News / Science & Technology

3D Leaps From Movies to Real World

3D Leaps From Movies To Real Worldi
X
March 20, 2013 7:00 PM
From movies to computer gaming, audiences are delighting in the super-realism made possible by computer-generated video, including increasingly sophisticated three-dimensional, or 3D imagery. In Los Angeles, a team of developers is working to bring that 3D technology out of the realm of entertainment and into real-world applications for business and education. Elizabeth Lee has this report.
Elizabeth Lee
From movies to computer gaming, audiences are delighting in the super-realism of computer-generated video, including increasingly sophisticated three-dimensional, or 3D imagery. In Los Angeles, a team of developers is working to bring that 3D technology out of the realm of entertainment and into real world applications for business and education. 
 
In the movie Superman Returns, the audience knows that the superhero is not really flying, but there's also another illusion. The actor who looks like he's flying is also not real. He's a virtual actor. And the first step in creating the digital stand-in is to place a real actor in something called a light stage. It's a hollow sphere illuminated by lights.  Once an actor steps inside the sphere, a computer captures the contours of his face and records how they reflect light.
 
“We can light them with very specially computer-controlled illumination, and take photos of them from seven different view points with high resolution digital still cameras," explains Paul Debevec, who is with the University of Southern California’s Institute for Creative Technologies.
 
Debevec is a part of a cross-disciplinary team working to create computerized images of people, objects and environments that look and act real. He says the light stage allows actors to be digitally created into animated versions of themselves, like the blue aliens in the movie Avatar.  The real world could soon be using a similar technology created at the Institute: a 3D video teleconferencing system that projects a video image of a participant into a meeting room. The video image can interact with other participants who can see the image in 3D without special glasses.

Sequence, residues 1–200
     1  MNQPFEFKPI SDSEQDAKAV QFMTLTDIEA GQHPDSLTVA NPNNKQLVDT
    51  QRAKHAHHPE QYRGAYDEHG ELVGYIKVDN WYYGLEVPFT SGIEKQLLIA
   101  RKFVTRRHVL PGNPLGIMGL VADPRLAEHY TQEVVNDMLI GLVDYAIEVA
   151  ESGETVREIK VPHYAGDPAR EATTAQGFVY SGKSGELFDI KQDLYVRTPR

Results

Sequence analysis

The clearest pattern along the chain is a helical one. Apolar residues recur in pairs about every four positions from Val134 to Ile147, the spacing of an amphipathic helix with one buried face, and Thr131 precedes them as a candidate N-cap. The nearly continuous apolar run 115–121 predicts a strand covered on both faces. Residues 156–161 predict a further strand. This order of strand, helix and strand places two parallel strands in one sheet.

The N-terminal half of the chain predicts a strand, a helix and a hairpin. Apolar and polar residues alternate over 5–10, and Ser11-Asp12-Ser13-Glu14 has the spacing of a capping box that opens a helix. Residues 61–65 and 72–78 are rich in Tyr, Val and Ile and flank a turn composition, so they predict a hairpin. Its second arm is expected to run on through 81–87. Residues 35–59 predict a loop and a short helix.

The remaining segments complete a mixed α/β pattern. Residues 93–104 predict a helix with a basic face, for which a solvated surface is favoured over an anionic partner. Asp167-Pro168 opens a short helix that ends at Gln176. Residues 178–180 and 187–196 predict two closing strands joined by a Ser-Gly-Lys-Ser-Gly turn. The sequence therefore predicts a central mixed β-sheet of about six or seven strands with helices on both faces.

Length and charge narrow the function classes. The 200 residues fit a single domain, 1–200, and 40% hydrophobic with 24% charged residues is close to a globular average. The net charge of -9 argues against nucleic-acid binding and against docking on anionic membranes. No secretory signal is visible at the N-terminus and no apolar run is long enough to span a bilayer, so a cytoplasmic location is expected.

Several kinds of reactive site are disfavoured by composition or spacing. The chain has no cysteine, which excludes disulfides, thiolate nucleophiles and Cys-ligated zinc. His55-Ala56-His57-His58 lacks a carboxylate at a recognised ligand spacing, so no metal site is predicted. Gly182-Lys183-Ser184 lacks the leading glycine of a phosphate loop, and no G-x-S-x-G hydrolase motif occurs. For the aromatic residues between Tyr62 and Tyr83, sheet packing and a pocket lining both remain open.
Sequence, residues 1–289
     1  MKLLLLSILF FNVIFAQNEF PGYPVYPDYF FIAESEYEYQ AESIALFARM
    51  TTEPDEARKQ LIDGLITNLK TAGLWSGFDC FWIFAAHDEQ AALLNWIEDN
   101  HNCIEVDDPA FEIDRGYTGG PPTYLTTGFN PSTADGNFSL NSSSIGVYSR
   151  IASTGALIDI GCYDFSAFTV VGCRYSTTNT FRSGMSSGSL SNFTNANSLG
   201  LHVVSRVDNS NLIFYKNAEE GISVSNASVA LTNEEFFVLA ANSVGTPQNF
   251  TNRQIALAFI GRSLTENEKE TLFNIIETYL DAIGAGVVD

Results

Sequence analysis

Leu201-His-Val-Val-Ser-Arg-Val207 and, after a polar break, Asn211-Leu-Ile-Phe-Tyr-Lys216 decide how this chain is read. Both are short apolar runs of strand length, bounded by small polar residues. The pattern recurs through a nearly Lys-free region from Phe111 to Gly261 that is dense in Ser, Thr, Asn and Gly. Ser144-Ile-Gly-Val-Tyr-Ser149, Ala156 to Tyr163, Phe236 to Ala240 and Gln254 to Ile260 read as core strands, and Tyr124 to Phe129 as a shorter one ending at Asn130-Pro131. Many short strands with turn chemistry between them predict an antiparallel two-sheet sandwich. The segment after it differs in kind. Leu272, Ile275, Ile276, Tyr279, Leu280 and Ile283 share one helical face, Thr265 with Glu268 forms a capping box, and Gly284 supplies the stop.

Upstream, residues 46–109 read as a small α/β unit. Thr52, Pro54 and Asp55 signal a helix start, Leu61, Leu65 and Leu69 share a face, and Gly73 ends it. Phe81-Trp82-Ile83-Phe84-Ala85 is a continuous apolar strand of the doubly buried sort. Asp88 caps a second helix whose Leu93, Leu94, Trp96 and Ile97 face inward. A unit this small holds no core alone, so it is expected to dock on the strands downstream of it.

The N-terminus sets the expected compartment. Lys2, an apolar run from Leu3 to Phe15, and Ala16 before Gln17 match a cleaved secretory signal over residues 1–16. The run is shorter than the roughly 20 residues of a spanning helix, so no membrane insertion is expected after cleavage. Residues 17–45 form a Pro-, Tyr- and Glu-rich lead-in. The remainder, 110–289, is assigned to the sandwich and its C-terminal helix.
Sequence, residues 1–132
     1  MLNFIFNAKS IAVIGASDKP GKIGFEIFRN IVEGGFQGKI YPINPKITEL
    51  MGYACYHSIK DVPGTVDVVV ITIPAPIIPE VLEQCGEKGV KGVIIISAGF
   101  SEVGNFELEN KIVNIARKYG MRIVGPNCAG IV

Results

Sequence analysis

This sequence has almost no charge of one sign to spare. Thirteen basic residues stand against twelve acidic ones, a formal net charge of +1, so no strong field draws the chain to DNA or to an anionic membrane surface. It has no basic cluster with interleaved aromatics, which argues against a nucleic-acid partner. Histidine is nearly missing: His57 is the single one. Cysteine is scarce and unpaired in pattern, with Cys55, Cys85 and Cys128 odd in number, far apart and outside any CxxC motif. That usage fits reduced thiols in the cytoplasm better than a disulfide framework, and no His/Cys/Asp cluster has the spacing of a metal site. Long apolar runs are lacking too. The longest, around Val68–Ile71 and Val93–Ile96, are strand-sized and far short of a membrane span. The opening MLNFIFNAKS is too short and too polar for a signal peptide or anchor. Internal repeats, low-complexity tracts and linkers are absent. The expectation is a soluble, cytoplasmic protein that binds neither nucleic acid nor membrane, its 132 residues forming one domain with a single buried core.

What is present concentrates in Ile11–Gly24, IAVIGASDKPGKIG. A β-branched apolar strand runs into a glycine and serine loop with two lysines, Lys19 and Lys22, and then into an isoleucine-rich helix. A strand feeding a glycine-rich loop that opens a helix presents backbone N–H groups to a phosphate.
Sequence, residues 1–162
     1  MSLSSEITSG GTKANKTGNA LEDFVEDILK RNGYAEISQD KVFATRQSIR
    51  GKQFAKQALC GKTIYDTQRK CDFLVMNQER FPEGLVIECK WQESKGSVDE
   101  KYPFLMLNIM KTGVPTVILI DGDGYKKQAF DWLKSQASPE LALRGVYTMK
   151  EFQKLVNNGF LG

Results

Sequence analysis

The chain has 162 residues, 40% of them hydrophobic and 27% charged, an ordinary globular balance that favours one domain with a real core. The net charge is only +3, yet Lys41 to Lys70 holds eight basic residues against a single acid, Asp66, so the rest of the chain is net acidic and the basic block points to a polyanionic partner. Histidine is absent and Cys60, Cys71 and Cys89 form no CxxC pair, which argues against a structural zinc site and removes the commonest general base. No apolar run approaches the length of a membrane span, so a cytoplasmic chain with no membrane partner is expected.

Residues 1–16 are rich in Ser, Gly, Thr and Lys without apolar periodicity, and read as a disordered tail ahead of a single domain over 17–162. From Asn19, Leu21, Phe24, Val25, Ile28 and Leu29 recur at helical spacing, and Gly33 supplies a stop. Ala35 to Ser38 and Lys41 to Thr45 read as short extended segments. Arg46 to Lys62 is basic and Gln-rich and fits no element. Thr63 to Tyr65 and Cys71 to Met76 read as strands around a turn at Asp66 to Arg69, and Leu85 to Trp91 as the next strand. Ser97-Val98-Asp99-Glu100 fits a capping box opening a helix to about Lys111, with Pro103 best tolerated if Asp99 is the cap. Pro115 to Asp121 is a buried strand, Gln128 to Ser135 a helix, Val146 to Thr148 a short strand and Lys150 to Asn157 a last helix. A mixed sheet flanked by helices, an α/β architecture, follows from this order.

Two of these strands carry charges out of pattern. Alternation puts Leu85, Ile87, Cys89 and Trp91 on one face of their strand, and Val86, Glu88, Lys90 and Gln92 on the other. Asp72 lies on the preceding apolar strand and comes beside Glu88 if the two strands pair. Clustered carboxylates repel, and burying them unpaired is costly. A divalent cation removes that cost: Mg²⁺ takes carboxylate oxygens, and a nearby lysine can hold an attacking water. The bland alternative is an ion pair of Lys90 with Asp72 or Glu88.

“The person who is being transmitted to a remote location can actually look around at the people in the room, and everybody in the room knows who they’re looking at.  And that's such a fundamental part of human communication," he said.

Debevec believes the business world will begin to use 3D video teleconferencing within the next five years.  But the public may see the next generation of this technology a bit sooner...

The Institute is using its light stage and Interactive 3D Display technology to record and display video testimonies of Holocaust survivors for the Shoah Foundation, also at the University of Southern California.

The 3D images will be shown on special screens in classrooms or museums, and will be programmed to play in response to specific questions about the Holocaust from students or visitors. 

Kim Simon, the managing director of the Shoah Foundation, says the Holocaust survivor can answer a wide range of topics.

“It could be about faith. It could be about love, it could be about beliefs, it could be about identity," she said.

Simon says having young people interact with a 3D Holocaust survivor will enrich their learning experience.

“It’s also a medium with which young people today are particularly comfortable," she said. "And the amount of information that comes though seeing a person’s face and hearing their voice at the same time is multiplied.”
   
A demonstration of an interaction between a Holocaust survivor and students may be possible in a year.  In 10 years...we might be able to play 3D video games without special glasses.

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